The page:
What would be the German equivalent of to get in the zone?

Here are some definitions (via The Free Dictionary):

  1. in the zone (mainly American informal)

    If you are in the zone, you are happy or excited because you are doing something easily and with skill.

  2. in the zone

    Informal In a state of focused attention or energy so that one's performance is enhanced

In psychology, it is also used to describe when a person is fully immersed in an activity (flow).

  • 1
    Pease elaborate on that. What is meant whith "getting in the zone?
    – Beta
    Oct 8, 2016 at 7:50
  • A sportsman "gets in the zone" when he is about to perform. An actor "gets in the zone" just before hitting the stage. A writer "gets in the zone" when writing his novel. etc.
    – Catherine
    Oct 8, 2016 at 7:52
  • I suggest you edit your post, and write that explanation in your Q.
    – Beta
    Oct 8, 2016 at 8:02
  • @Beta in the top question or the text?
    – Catherine
    Oct 8, 2016 at 8:16
  • In the text of your question. You can edit it by klicking on "edit". Also try to tell us what you have come up with this far and why you still haven't found an answer.
    – Beta
    Oct 8, 2016 at 8:30

2 Answers 2


Anything that is related to the term "Zone" (as opposed to "Zone" in composite words, or combined with numbers or other qualifiers of any kind) in German is somehow "loaded" by German history - At least in Western Germany, "Die Zone" used to be the term for the Soviet-occupied zone and later, the German Democratic Republic.


Dann geh doch in die Zone!

would have been used towards people being considered "overly socialistic" or communist to tell them they might probably better fit there.

Thus, you wouldn't want to use anything close to a literal translation.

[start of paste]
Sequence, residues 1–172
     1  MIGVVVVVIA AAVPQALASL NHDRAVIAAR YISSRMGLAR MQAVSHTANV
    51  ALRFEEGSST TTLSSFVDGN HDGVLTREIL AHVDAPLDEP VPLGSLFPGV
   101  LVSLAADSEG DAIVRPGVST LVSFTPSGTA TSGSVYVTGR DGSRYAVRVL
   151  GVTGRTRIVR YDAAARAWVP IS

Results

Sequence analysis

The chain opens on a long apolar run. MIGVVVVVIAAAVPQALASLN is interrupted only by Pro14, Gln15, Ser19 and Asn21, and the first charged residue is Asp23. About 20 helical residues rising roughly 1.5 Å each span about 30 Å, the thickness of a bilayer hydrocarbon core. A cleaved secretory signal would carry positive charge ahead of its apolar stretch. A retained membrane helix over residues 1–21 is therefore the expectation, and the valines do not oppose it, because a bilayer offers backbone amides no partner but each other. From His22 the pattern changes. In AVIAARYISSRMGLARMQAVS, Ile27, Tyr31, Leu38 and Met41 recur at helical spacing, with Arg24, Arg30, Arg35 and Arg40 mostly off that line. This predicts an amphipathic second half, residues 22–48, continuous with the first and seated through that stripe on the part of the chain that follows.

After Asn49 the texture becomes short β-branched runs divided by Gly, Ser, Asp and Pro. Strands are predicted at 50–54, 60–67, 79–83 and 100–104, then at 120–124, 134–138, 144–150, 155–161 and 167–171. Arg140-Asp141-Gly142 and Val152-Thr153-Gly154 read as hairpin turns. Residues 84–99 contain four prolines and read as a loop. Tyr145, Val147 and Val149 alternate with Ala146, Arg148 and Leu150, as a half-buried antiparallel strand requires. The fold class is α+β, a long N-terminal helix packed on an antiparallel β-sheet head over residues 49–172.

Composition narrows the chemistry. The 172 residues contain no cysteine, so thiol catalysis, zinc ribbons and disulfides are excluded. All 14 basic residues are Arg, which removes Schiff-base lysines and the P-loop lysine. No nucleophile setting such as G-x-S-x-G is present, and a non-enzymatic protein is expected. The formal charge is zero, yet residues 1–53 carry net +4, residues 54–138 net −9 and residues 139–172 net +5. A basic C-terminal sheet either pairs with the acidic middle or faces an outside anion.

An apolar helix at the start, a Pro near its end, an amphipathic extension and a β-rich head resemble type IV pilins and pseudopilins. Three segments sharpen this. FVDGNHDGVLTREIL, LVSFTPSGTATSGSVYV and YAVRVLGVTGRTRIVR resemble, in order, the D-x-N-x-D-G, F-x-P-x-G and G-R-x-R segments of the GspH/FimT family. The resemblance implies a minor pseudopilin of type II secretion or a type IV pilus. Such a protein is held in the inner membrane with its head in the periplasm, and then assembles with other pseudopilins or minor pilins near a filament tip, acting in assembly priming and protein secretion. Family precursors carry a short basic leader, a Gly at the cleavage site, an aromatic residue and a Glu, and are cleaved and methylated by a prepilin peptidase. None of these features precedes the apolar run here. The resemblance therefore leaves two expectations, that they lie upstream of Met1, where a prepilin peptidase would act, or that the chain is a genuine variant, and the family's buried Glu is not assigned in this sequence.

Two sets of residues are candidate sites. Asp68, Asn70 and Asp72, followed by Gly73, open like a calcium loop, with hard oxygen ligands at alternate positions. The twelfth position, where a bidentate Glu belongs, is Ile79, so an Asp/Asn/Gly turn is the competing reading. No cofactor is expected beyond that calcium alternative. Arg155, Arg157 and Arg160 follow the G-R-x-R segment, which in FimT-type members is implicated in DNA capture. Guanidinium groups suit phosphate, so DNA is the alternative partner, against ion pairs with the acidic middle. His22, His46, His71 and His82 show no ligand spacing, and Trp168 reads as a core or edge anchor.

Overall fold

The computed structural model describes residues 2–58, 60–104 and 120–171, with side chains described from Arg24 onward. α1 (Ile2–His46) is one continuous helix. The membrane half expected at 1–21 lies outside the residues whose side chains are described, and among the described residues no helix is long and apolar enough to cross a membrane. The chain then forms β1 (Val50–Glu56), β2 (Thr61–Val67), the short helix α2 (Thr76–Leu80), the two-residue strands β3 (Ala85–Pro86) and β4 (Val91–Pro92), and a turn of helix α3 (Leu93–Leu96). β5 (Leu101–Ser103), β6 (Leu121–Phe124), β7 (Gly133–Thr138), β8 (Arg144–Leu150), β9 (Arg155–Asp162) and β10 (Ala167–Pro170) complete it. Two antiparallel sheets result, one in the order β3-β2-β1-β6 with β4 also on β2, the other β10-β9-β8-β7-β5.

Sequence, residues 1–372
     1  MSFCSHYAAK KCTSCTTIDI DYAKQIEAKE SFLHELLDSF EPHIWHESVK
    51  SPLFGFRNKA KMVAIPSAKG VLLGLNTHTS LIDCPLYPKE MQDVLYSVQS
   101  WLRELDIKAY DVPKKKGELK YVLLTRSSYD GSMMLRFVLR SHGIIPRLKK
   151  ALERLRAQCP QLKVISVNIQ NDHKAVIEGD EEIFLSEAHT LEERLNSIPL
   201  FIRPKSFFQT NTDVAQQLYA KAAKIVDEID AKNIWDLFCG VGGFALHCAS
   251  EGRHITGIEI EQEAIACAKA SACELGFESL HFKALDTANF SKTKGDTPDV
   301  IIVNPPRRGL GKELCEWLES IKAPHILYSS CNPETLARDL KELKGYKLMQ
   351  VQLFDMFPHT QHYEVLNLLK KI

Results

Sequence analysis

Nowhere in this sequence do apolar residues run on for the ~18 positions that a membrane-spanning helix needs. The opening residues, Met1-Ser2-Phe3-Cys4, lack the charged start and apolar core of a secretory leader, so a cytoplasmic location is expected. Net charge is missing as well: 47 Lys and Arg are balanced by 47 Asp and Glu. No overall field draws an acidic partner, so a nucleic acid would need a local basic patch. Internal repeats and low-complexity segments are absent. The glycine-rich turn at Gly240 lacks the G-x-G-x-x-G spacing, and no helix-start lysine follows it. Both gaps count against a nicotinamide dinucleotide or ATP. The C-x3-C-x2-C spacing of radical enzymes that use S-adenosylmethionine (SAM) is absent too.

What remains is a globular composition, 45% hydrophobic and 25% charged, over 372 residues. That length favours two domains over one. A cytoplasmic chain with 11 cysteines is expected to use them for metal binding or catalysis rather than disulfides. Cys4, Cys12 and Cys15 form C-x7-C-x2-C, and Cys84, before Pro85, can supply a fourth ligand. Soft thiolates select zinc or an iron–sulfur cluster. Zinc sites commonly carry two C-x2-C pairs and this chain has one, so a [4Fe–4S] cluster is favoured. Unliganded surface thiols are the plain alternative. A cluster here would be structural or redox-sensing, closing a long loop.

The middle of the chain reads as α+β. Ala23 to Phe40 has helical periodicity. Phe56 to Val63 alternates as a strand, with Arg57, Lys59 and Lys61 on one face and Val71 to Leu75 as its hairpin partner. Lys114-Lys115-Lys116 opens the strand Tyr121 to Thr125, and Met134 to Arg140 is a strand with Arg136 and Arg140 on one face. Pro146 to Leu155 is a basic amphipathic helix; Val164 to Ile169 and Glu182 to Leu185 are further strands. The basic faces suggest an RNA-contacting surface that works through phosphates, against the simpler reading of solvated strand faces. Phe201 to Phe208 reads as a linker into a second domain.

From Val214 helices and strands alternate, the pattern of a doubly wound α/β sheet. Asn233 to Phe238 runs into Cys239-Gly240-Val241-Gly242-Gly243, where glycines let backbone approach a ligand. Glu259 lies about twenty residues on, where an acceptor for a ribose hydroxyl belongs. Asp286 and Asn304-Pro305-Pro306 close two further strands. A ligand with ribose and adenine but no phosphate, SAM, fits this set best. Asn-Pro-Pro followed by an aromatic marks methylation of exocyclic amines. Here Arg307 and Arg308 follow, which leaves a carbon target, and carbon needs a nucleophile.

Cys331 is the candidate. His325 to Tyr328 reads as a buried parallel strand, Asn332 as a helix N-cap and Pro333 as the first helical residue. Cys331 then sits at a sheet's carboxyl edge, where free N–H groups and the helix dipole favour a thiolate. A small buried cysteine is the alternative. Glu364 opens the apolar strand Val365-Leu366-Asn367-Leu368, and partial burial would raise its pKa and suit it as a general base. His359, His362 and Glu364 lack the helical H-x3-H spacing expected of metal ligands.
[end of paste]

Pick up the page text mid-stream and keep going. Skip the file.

An expression that would convey the meaning of someone being "in the Zone", i.e. exactly within his range of abilities and skill would be

Er ist in seinem Element

and, more or less related to that and a bit more sloppy

Er fühlt sich wie ein Fisch im Wasser

In case you are relating to "being in the zone" as to the common meaning of "being in the flow", you might want to maybe revert to a literal translation of that. German has some idioms that somehow relate to that, but not describing a person's state, but rather the flow of actions.

Jetzt geraten die Dinge in Fluss

Would maybe translate to "now we get things rolling"

And "the Flow" as a psychological technical term is used in German as well, as a loan word, sometimes translated as "Schaffens-/Tätigkeitsrausch"

  • Similar to "Jetzt geraten die Dinge in Fluss" is "Jetzt kommt Schwung in die Sache", but I think neither is getting in the zone. Something like "Tunnel" comes to my mind when I think of forgetting everything around you, although I don't know any nice expression with "Tunnel".
    – PerlDuck
    Oct 8, 2016 at 15:50
  • 5
    'Anything that is related to the term "Zone" in German is somehow "loaded" by German history' - I think this is rather exaggerated. Yes, the term Zone can be understood to refer to the former GDR, but other interpretations of Zone are commonplace in nowadays' German, as well. No-one would think of the Soviet-occupied zone or the GDR when hearing Fußgängerzone, Be-/Entladezone, or even on occasions where the word Zone appears more or less on its own, such as on the (30) Zone roadsign. Oct 8, 2016 at 17:12
  • @O.R.Mapper I should probably have made it clear that I'm referring to "Zone" standing alone. Done, thanks.
    – tofro
    Oct 8, 2016 at 23:12
  • @tofro: I have slightly edited the answer to make that very part more accurate (I would have preferred to suggest an edit, but apparently, beyond a certain reputation, the site automatically applies edits) - hope you agree with the change, otherwise please change it back. I was thinking of cases such as the aforementioned "(30) Zone" roadsign, or also "Zone ..." used in the context of public transportation fares, where "Zone" is not truly a compound word, but combined with a number or similar. Oct 9, 2016 at 0:02

Tofro's answer is proper German, but I've never heard someone say those expressions in an informal setting.

Instead I would say:

Wenn ich programmiere und voll im Flow bin, dann bin ich hyperfokussiert und habe total den Tunnelblick. Wenn dann jemand was von mir will, bekomme ich nichts mit.

  • Flow has a bit of a more specific meaning than just being very concentrated. Oct 9, 2016 at 0:03

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